Currently reading: Geely and Stroll in final talks to invest in Aston Martin - report
Aston calls emergency board meeting to weigh up offers, the Financial Times claims

*READ THE LATEST: Aston Martin reveals investment from billionaire Lawrence Stroll*

Chinese car maker Geely and billionaire Lawrence Stroll are in final talks to invest in Aston Martin, according to a report by the Financial Times.

It reports that offers to invest around £200m for an approximate 20% stake in Aston are being weighed up at an emergency board meeting that has been convened this evening. A final decision is expected by early next week, but could come as soon as tomorrow (Friday) morning.

*READ THE LATEST: Aston Martin reveals investment from billionaire Lawrence Stroll*

Geely is also the owner of Lotus and Volvo, a part-owner of Smart and a significant shareholder in Daimler. It's interest is said to be spurred by the potential to share parts with Lotus. It has also been mentioned in connection with a possible  - separate - shareholding in the Mercedes F1 team, potentially in league with Stroll.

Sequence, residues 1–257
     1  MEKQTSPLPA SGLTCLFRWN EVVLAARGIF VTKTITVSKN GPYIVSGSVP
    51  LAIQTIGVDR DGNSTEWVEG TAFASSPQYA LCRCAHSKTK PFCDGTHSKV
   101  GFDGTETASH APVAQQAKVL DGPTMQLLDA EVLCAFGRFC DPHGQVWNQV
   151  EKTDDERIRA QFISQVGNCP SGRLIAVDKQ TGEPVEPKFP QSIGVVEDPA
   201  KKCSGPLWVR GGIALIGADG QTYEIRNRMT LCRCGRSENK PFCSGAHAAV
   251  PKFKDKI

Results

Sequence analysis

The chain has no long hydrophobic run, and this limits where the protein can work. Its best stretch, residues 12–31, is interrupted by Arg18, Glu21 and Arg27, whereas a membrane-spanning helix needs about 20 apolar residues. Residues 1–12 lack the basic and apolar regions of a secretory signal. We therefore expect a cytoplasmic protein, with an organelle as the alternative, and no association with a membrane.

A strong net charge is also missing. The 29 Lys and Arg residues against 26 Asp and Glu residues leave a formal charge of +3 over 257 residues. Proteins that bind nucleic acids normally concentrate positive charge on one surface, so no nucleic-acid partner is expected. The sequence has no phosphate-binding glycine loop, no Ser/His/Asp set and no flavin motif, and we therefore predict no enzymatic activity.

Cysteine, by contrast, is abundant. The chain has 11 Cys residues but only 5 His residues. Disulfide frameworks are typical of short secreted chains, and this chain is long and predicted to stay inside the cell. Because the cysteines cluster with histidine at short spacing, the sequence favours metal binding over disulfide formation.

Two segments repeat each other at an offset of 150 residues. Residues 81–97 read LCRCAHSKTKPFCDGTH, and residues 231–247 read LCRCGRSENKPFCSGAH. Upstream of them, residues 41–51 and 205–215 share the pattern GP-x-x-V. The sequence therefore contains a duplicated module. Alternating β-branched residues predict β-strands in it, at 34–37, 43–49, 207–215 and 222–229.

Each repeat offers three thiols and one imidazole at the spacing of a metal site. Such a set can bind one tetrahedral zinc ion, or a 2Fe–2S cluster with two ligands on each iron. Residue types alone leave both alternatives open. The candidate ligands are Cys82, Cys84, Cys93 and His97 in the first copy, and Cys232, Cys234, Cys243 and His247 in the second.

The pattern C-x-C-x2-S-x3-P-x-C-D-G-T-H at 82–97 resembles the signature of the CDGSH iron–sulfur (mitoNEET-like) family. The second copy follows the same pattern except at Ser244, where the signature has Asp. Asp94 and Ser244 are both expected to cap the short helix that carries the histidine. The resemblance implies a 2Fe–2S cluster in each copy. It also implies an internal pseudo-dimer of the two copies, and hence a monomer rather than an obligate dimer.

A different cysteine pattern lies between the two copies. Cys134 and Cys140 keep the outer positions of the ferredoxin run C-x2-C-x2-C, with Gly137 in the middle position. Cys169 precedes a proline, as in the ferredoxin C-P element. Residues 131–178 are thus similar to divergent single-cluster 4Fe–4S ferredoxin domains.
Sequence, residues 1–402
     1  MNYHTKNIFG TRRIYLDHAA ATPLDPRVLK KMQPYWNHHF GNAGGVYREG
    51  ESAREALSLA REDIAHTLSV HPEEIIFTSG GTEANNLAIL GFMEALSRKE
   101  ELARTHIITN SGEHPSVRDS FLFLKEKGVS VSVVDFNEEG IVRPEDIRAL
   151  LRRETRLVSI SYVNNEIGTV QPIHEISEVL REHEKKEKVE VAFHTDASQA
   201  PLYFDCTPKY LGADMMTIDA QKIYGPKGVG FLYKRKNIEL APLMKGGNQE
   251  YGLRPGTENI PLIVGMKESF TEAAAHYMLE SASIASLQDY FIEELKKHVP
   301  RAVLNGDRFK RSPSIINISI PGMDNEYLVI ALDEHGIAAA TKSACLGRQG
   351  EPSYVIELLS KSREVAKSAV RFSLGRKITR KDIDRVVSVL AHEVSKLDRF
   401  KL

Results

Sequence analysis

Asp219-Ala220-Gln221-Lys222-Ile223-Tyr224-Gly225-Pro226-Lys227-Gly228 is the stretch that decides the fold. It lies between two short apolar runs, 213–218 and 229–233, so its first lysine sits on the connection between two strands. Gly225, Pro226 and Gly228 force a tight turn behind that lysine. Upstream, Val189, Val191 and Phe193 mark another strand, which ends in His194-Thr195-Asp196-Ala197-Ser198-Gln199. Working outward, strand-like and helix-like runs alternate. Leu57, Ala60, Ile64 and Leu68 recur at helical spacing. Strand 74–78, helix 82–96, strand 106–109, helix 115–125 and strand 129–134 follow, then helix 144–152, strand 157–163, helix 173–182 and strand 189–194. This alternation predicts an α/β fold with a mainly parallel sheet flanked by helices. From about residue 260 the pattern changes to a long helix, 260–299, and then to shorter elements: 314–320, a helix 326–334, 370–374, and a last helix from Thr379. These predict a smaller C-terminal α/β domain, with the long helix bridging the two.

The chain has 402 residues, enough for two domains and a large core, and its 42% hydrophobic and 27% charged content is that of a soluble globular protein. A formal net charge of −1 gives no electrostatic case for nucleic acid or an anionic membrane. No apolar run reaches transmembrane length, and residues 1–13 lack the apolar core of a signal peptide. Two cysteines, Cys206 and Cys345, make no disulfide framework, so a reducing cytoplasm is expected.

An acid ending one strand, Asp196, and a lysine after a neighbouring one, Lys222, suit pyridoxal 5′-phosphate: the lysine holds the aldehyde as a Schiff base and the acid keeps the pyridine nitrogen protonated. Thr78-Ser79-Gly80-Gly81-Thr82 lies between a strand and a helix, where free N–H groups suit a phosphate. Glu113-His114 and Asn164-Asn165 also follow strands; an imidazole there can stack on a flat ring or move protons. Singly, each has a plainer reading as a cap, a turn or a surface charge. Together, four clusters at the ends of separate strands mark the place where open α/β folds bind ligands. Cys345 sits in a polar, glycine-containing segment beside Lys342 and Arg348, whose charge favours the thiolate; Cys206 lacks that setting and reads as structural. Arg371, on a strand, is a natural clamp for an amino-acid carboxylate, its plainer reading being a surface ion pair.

It has also been previously suggested that Geely's involvement may not preclude billionaire Lawrence Stroll's mooted investment; he is also said to be in advanced talks with the firm, and reported to be seeking a 20% stake in it for around £200m.

Stroll, father of Formula 1 driver Lance and owner of the Racing Point F1 team, is estimated to be worth in excess of £2 billion, having made his money investing and building up brands including Pierre Cardin, Ralph Lauren, Tommy Hilfiger, Asprey and Garrard.

He is also famed for his car collection, which is most notable for including what many regard as the most valuable collection of classic Ferraris in the world.

Both his business interests and car collection are reported to have given him the contacts to head a consortium looking to take control of Aston Martin, in the belief they can take advantage of its current low stock value and lower than expected sales prior to building the brand’s equity up again in future years, most notably by taking advantage of anticipated sales for the recently launched Aston Martin DBX SUV.  Aston confirmed it has received 1800 pre-orders for the DBX, but deliveries do not begin until mid-2020.